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Research by Washington State University wildlife biology professor Rob Weilgus shows that killing a few wolves actually increases wolf depredation of livestock, but killing 25 percent of all the wolves reduces livestock depredation by wolves.

News reports about this research left out two crucial facts. One is the number of livestock killed by wolves.

In 2013, out of 2.5 million head of cattle and 225,000 sheep, a grand total of 73 animals were definitely killed by wolves (http://www.liv.mt.gov/LLB/lossdata_2013.mcpx). In other words, though wolves are hardly a threat, most people are led to believe wolves are a leading cause for the deaths of livestock. The truth is that wolves cause only 0.00003 percent of livestock fatalities. That’s the real news story.

The other point left unmentioned is that researchers also noted that killing 25 percent of wolves would be unsustainable. So the upshot is, to save an infinitesimal percent of livestock, we would have to slaughter a quarter of the population of wolves, but that would land the wolves back on the endangered list, so the maximum legal killing continues, perpetuating the problem.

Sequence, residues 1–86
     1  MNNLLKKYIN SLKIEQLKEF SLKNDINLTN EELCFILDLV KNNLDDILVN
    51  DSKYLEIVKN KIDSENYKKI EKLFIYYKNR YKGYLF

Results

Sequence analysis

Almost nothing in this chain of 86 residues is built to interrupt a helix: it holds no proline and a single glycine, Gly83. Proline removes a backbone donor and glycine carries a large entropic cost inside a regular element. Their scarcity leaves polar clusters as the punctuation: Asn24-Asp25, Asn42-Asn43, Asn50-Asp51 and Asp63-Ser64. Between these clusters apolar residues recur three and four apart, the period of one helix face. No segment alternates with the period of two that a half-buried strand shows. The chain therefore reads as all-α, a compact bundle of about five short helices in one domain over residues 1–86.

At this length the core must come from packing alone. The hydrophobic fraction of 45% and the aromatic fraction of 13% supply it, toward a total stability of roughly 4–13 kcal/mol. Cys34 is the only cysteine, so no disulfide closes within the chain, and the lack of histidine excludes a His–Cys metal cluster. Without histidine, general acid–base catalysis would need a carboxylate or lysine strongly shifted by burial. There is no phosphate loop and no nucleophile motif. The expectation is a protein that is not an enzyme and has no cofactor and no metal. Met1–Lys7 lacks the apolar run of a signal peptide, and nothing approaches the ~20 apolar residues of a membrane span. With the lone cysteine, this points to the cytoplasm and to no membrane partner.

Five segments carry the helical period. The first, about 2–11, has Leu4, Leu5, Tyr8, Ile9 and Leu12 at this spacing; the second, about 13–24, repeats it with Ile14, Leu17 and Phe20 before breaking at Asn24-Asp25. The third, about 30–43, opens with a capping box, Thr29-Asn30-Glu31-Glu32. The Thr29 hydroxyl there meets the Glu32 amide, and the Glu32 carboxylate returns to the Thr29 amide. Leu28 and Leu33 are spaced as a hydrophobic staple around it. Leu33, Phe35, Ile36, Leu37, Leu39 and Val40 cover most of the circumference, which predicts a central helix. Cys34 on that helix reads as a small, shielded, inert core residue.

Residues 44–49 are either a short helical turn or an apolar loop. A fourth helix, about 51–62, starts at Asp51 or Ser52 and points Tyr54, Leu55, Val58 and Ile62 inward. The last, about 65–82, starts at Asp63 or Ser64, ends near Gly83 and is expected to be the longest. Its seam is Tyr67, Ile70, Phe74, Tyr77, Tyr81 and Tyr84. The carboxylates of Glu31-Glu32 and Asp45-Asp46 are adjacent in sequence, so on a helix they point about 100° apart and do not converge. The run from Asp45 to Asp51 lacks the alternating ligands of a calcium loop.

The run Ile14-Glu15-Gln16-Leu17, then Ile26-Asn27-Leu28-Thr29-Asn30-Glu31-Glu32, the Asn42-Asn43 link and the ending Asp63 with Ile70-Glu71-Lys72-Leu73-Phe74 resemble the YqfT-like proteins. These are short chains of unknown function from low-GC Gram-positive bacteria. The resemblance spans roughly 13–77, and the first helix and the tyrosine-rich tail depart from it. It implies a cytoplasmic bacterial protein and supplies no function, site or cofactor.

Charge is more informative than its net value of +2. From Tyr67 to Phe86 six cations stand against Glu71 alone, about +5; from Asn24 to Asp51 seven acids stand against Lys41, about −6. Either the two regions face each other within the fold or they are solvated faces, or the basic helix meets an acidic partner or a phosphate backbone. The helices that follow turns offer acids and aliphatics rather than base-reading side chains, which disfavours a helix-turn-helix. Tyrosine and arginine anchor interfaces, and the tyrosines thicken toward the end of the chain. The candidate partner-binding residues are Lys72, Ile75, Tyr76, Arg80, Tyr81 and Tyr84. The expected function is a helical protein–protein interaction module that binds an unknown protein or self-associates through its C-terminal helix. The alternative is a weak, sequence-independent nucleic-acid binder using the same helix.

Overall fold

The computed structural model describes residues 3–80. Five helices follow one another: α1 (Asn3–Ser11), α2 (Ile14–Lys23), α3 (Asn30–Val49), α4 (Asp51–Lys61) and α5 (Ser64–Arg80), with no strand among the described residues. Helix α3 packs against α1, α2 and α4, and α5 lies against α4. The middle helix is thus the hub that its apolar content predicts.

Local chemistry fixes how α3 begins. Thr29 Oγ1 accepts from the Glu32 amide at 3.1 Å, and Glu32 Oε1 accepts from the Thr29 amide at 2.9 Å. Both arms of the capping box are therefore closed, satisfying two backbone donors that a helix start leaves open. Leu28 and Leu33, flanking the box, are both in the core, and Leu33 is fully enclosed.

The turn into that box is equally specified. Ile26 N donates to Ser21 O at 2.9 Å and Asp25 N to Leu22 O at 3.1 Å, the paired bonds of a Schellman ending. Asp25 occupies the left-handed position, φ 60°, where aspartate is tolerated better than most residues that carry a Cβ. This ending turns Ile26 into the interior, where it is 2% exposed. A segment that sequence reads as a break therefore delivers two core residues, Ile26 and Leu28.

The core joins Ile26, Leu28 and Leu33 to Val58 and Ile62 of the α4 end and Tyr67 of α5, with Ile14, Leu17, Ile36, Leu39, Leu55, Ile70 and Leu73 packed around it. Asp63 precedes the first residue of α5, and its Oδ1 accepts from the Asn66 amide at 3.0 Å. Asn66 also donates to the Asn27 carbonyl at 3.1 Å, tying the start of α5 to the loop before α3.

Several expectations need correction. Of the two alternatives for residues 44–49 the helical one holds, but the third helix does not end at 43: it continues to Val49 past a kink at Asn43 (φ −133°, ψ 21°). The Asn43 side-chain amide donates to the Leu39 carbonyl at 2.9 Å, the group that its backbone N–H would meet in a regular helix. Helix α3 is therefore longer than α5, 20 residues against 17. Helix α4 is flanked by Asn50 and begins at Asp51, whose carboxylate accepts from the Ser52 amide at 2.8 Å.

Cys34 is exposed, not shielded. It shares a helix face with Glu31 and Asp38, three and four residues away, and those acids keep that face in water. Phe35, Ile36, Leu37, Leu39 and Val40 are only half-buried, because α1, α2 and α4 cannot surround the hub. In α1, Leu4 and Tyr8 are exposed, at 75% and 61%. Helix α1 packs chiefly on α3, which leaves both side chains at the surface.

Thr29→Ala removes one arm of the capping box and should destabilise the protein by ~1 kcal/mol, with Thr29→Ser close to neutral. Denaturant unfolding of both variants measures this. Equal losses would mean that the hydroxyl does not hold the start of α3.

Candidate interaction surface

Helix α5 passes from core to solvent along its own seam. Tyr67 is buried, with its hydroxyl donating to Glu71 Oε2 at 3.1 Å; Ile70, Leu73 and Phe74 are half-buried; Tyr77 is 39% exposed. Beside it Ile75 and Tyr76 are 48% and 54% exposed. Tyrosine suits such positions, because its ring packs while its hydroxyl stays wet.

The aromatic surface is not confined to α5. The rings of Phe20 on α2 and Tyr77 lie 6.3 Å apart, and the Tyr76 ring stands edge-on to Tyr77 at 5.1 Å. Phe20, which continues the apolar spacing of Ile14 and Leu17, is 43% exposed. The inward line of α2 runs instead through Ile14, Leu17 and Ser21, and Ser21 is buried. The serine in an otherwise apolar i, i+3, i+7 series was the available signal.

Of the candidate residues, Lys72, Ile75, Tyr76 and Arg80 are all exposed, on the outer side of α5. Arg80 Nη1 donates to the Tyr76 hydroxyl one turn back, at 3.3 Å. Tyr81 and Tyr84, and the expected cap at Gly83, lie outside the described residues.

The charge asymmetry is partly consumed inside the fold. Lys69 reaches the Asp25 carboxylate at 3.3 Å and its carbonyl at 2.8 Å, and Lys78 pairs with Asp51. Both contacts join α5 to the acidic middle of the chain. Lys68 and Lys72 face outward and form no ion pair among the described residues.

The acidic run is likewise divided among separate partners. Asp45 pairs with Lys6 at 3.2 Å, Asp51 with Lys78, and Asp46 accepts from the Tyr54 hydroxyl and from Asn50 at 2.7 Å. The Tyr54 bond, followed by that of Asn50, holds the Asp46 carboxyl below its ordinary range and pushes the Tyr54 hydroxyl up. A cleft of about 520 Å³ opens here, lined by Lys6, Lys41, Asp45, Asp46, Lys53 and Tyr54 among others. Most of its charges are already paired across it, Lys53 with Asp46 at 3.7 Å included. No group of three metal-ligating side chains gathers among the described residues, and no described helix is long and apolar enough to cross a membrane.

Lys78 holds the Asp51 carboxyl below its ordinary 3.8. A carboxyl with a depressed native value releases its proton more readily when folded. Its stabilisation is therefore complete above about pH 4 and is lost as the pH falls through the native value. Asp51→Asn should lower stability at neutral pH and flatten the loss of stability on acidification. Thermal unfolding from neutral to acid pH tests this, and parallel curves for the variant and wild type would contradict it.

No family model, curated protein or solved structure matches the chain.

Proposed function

Ranchers in an Idaho valley decided to live alongside wolves, reports Warren Cornwall for National Geographic (Dec. 3). They worked with Suzanne Stone of Defenders of Wildlife to protect 30,000 sheep from wolf depredation by using guard dogs, flashing lights and flags to scare wolves away from livestock. They avoid grazing sheep near wolf dens. Livestock owners are taking responsibility for their animals, rather than automatically killing publicly owned wildlife.

It's an unqualified success story; according to Cornwall, “Fewer than 30 sheep have been lost in seven years to wolves and no wolves have been killed.”

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Why not try this in Montana? The old way is causing grief for everyone.

Connie Poten,

Missoula

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